Is it possible for artists to not only survive, but thrive, doing the work that matters most to them? According to the well researched book by Jeff Goins, not only can you do that but the starving artist idea is a self-imposed myth. Starting with Michelangelo, and working through a variety of historic and current examples, Real Artists Don’t Starve supplies a variety of examples and principles (12 Rules of the New Renaissance) to help you build on the foundation of financially successful artists.
I’ve always wanted to write, but felt compelled to go into areas that were considered “acceptable” professions. My undergrad story started as an accounting major even though I hate math. It changed to history, then youth ministry, then a youth ministry and missions double major before flunking out for the second time. When I finally finished 14 years after starting, my BS was in Religion.
I’ve done a ton of blogging intermittently over the years, written a variety of things just for myself, and even tried learning guitar for a bit. Even so, I kept feeling like everyone around was always trying to push me to some kind of real job. Thankfully, I love academia and the creative elements of Instructional Design and Online Education enough that I’ve cruised through the master’s and doctoral level. Even so, I’m still constantly feeling the tension of starting my career in that area while also pursuing my writing passions and creating habits that support both. One of the biggest helps has been Jeff Goins, through his writing and classes, and that help hits a crescendo with his most recent book.
I don’t agree with every point in the book, but the overall message is excellent. For instance, in chapter two, I have a minor quibble with a quote about creativity. Jeff says, “The most creative minds in the world are not especially creative; they’re just better at rearrangement.” I would posit that rearrangement is itself a type of creativity that can be identified and cultivated.
Real Artists Don’t Starve
Before anything else, you must get your head around who you are and what you want to do. Gaining an understanding of the reality of who you are and what you do gives you a foothold in building an artistic career that can thrive. Master this and allow it to inform you on the rest of your journey towards being an artist without qualifiers.
You Aren’t Born an Artist
“Before you can create great art, you first have to create yourself.”
Stop Trying to Be Original
“Creativity is not about being original; it’s about learning to rearrange what has already been in a way that brings fresh insight to old material.”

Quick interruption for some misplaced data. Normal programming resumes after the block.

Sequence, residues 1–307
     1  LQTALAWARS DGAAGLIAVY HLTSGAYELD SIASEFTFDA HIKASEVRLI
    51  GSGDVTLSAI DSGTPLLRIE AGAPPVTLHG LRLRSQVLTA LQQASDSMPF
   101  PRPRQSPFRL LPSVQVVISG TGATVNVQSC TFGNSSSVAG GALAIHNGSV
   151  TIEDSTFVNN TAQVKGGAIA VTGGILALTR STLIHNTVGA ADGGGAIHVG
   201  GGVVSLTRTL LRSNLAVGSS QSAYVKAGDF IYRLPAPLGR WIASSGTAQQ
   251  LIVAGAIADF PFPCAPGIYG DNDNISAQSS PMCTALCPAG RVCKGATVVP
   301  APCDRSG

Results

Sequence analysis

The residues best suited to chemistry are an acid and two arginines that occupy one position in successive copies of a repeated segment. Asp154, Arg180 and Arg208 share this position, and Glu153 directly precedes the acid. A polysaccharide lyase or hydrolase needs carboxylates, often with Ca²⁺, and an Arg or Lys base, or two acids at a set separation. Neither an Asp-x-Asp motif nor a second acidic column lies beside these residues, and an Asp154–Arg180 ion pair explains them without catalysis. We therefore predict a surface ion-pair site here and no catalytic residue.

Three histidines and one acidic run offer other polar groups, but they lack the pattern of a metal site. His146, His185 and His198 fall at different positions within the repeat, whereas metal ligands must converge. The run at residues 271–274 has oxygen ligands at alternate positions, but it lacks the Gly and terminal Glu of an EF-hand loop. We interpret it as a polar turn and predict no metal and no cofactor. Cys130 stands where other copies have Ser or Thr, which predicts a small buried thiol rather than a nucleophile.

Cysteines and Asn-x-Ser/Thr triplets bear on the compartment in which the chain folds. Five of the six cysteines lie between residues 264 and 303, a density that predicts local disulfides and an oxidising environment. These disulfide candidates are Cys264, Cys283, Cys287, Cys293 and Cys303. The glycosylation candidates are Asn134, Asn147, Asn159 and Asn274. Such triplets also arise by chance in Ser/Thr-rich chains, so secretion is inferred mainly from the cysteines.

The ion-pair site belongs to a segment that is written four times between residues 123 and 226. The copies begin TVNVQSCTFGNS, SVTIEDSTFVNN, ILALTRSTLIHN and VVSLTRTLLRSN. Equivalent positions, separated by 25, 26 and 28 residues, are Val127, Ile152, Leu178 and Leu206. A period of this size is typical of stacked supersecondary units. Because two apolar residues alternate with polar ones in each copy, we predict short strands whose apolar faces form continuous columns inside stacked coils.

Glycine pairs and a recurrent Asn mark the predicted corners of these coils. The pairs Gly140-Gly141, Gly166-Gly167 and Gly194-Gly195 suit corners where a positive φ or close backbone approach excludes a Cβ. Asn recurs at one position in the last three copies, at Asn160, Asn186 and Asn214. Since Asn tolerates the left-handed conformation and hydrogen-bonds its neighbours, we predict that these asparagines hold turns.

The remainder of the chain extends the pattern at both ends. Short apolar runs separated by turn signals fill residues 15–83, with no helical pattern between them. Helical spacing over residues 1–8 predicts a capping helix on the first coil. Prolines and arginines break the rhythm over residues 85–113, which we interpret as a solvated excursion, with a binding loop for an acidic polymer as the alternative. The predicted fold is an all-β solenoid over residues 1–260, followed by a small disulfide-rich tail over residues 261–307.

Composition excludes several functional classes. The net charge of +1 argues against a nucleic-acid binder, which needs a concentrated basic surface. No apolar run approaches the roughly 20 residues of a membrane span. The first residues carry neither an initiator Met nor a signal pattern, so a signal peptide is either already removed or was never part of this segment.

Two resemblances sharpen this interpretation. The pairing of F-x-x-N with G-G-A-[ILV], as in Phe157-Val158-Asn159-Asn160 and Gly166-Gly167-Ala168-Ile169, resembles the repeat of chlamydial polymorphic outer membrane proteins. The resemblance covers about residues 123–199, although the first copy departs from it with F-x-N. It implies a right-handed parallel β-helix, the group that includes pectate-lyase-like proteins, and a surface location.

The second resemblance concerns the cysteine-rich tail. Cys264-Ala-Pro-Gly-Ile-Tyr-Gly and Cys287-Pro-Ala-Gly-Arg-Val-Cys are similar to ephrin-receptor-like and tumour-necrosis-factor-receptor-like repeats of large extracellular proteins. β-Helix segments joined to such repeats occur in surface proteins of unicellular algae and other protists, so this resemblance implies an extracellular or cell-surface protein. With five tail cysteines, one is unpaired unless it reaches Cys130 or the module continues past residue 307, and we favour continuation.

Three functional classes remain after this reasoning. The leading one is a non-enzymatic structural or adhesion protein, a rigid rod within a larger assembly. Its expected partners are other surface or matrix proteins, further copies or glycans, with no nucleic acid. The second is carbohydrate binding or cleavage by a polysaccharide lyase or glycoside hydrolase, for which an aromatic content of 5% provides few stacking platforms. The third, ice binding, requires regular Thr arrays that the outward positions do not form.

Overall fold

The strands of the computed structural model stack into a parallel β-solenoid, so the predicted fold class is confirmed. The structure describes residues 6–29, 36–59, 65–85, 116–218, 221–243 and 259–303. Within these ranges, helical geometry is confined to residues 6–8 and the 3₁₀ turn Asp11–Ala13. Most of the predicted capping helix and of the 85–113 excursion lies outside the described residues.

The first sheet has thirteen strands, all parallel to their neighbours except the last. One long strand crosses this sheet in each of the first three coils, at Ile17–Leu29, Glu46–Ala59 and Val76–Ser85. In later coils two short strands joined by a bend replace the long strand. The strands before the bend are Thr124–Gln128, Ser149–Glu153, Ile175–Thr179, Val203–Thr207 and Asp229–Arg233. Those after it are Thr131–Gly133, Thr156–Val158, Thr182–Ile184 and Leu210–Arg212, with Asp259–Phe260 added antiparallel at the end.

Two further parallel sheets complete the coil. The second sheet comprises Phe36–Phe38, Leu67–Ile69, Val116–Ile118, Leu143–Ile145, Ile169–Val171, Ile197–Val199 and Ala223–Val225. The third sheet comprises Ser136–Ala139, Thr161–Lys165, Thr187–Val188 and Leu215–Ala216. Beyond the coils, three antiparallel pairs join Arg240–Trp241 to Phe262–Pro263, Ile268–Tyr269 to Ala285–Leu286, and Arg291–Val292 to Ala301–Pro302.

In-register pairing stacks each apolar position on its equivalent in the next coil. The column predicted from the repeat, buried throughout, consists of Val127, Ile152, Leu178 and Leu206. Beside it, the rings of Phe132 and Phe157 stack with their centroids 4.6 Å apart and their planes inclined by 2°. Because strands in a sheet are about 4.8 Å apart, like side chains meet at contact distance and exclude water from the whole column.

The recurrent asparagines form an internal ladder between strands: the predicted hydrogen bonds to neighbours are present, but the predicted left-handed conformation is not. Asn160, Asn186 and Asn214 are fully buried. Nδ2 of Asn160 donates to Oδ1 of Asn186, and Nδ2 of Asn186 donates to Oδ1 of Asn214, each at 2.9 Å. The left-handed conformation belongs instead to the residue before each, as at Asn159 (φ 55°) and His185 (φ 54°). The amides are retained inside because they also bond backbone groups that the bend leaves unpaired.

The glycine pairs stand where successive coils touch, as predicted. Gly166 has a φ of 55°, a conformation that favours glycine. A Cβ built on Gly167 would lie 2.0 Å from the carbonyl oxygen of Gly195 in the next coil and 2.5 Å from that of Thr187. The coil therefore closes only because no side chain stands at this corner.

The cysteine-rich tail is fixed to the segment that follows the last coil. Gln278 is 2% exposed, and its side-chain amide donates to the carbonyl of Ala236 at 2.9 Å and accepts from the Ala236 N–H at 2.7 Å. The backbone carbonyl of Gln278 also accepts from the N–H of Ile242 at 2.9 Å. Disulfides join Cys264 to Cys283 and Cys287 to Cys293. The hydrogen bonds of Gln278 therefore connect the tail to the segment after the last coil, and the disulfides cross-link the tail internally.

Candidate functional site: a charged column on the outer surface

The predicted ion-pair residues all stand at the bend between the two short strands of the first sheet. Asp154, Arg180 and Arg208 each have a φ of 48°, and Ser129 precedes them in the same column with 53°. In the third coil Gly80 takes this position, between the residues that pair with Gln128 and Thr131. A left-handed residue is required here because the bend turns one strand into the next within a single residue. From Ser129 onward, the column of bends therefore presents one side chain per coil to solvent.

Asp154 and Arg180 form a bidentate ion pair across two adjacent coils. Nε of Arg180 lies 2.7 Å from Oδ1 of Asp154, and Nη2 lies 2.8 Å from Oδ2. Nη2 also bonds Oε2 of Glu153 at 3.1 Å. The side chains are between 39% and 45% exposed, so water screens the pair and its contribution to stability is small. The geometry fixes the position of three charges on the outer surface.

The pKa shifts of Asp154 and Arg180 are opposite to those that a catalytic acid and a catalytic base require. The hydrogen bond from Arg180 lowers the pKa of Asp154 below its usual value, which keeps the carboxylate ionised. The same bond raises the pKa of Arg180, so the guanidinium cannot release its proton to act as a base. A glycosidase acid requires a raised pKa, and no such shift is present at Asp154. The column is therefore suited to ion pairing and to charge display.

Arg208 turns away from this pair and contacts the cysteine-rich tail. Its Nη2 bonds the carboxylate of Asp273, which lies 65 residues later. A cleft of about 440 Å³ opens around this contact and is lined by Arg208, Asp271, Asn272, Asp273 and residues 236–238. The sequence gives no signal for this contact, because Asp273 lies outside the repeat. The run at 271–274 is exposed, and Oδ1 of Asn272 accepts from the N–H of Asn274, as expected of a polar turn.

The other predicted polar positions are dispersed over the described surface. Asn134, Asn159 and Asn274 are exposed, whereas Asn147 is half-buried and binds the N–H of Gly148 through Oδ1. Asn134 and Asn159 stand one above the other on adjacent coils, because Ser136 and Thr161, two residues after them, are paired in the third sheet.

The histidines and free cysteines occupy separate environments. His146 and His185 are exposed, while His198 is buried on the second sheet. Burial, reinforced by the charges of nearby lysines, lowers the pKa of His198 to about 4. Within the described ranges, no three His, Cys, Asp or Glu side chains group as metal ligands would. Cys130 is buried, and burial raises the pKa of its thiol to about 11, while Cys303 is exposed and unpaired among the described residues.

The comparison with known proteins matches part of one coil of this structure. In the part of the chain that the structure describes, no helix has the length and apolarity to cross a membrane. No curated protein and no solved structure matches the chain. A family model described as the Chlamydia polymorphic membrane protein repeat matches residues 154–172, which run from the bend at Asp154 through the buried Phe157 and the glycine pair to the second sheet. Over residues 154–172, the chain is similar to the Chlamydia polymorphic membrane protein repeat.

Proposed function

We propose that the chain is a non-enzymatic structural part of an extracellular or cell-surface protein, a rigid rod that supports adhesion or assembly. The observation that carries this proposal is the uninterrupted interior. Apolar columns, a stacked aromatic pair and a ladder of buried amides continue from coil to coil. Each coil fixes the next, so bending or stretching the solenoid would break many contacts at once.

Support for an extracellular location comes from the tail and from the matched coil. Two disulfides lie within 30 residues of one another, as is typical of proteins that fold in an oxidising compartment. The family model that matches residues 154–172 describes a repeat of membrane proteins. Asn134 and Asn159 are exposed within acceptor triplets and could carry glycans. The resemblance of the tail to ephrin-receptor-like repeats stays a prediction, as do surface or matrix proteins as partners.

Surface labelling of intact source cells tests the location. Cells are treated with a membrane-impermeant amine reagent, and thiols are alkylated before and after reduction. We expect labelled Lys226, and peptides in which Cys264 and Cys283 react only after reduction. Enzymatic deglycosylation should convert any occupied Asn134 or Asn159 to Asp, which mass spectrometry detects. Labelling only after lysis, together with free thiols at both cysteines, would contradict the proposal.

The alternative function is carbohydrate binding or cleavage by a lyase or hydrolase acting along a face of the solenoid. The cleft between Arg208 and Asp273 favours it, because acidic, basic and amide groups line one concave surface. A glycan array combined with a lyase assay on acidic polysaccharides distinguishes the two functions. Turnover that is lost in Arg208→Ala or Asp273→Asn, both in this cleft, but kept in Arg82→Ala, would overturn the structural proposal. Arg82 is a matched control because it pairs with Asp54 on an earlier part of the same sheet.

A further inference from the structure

Apprentice Under a Master
“The first step in an apprenticeship is to find a master worth studying. When you find such a person, consume as much of their work as possible. Read everything they’ve written, watch everything they do, and buy whatever they might be selling. Your goal is to familiarize yourself with their work…Then do exactly what they say.”
Harness Your Stubbornness
“Ironically, Fitzgerald’s book endured even when he did not. But what might have happened to the author if he hadn’t given up so soon? What if he’d had more grit, been a little more tenacious, and harnessed this stubbornness?”
If you don’t understand what the market is, how it works, and what you need to do to plug in, you’re putting yourself at an unnecessary disadvantage. You must find ways to support your work, find others with a similar goal, and put your work out there to get feedback.
“You can’t just ask for a hand-out; you must demonstrate both competency in your craft and a willingness to learn. Influencers love to inspire and invest in others, so make it easy on them.”
Go Join a Scene
“Without Paris, you do not get Hemingway; and without a scene, you do not get a creative genius.”
Collaborate With Others
“The New Renaissance is not about working in isolation; it’s about finding more ways to collaborate with other like-minded creatives. Our success is closely related to our ability to work well with others.”
Practice in Public
“Thriving Artists do more than bloom where they’re planted; they put their work where it has the greatest potential to succeed.”
Making money is essential to being a successful artist, so avoiding it is counterintuitive. Instead of believing the lie that we should just make our art without an eye towards how much people pay for it, it’s much better to value our art financially the way it should be. Don’t buy the trope about art for art’s sake, but realize you are providing value and charge accordingly. Making money isn’t the enemy, it’s a way to guarantee you can make more of your art.
Don’t Work for Free
“You have to be willing to do the job of an artist, which includes more than just making things — it means charging what you’re worth.”
Own Your Work
“The more you own of your work, the more creative control you have…We must maintain as much ownership of our work as possible, not because it will make us rich but because it will make the work better.”
Diversify Your Portfolio
“Every decade or so, the artist (Michelangelo) would tackle a new skill, essentially reinventing himself and adding something new to his ever-increasing portfolio.”
Make Money to Make Art
“When we find ways to make money, it buys us time and gives us the opportunity to create more.”
What Are You Going To Do About It?
If you are working in a creative field, or want to, what are you doing to make it happen? Are you going to keep buying the myths that have been believed for so long, or are you willing to re-examine things and move forward with the facts you need to change your future?